UL-Lafayette students to work on Youngsville master plan

Advocate staff photo by BRYAN TUCK -- Traffic rolls around the veterans' memorial roundabout at the intersection of East Milton Avenue and Chemin Metairie Road Thursday in Youngsville. Show caption
Advocate staff photo by BRYAN TUCK -- Traffic rolls around the veterans' memorial roundabout at the intersection of East Milton Avenue and Chemin Metairie Road Thursday in Youngsville.

City eyes growth, enlists UL-Lafayette

Youngsville has been growing by leaps and bounds over the past decade — all without the benefit of a master plan.

City officials are now trying to rectify that, with the help of two University of Louisiana at Lafayette professors and their students.

“We have all talked recently about our plan for the future,” Councilman Ken Ritter said. “We have a lot to be proud of, but one thing on our mind is should we do more? Are we going to be a bedroom (community) for Lafayette, and if we are, what can we do to be the premier bedroom for Lafayette?”

Patricia Lanier, a marketing professor who also works with the Executive Master of Business Administration program at UL-Lafayette, said her students and those of fellow UL-Lafayette professor Geoffrey Stewart will begin collecting data immediately.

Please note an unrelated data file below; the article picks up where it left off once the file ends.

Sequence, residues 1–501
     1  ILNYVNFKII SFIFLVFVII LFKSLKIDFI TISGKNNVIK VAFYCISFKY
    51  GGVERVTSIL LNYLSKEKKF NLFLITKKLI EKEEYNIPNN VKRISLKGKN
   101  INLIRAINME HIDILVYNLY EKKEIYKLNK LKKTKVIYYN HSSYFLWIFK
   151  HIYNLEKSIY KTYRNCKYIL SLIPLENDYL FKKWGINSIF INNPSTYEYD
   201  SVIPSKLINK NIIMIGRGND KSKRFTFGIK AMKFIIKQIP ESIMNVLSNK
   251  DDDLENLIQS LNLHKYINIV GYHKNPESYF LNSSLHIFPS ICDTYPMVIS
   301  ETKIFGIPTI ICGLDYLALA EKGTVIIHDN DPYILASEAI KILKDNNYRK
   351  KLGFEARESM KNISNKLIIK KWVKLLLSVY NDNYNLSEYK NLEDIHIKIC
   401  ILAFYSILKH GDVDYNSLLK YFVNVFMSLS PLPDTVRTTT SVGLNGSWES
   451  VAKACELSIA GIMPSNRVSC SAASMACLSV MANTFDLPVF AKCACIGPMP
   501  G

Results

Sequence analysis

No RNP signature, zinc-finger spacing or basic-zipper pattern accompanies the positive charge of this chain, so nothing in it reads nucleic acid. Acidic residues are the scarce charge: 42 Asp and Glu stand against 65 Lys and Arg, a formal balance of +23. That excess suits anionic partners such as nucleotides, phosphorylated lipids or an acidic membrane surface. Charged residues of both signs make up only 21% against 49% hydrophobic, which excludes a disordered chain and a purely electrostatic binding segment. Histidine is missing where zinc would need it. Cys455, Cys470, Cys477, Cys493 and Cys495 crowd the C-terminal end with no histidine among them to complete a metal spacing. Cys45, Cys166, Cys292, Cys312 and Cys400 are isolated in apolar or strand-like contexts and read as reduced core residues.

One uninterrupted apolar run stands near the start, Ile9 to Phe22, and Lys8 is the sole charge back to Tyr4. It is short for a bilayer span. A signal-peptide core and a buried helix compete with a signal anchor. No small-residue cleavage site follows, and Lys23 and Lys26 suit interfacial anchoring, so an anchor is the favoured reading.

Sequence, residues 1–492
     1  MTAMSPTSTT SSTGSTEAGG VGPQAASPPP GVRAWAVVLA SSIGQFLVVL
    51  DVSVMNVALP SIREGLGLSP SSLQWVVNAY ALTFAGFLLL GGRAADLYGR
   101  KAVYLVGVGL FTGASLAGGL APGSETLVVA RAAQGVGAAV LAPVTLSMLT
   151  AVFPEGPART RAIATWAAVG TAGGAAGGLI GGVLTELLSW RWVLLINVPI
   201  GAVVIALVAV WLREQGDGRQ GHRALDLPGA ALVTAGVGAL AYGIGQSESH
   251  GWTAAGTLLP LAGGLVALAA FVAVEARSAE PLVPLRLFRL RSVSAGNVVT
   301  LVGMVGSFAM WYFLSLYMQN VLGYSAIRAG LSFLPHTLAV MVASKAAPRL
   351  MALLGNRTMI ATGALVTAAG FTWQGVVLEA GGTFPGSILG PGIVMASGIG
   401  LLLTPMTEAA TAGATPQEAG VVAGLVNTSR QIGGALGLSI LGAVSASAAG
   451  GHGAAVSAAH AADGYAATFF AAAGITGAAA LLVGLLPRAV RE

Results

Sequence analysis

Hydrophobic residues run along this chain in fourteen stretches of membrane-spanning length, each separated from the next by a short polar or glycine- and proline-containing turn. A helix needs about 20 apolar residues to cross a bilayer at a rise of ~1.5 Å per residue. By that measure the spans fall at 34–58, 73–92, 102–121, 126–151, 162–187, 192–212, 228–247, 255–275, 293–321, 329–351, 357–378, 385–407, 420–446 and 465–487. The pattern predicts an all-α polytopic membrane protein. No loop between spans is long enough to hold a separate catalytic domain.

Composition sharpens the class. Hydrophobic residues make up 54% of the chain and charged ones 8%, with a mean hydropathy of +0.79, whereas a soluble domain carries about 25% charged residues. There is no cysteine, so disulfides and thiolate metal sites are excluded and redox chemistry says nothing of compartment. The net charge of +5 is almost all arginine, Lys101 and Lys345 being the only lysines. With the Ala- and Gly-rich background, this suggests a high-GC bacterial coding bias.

“We are looking not just where the city is now but where do we see it five years from now,” Lanier said. “We will look at comparable cities nationwide and get ideas on how we can do it here.”

Youngsville’s population as of July 2012 was estimated at 8,985, an increase of 880 over the 2010 census count of 8,105 — a trend that’s expected to continue.

Lanier said the UL-Lafayette students will do a complete marketing plan and economic analysis for Youngsville. They also will do a competitive analysis of all surrounding cities of comparable size.

“The competitive analysis will also include Lafayette,” Lanier said. “It’s a little bit different than a business (analysis), but it has a lot of similarities as well.”

Lanier said students will survey residents and speak to businesses to gauge community needs. The students also will look at city staffing levels and examine any human resources issues. She said most of the residents will be surveyed electronically.

“All that we require is full access to all information,” Lanier said. “For nonprofits, you have to be transparent, so that will be fairly easy.”

Lanier said the university’s classes perform this service at no charge. She said the benefit to the students is the hands-on experience of working in a consulting situation.

Mayor Wilson Viator encouraged the council, as well as residents, to make themselves readily available to Lanier’s and Stewart’s students.

“Take a little time out of your day to give them some ideas,” Viator said. “This is the only way to find out what the citizens need. Let’s give them as much cooperation as we can so we can get some really good results from this.”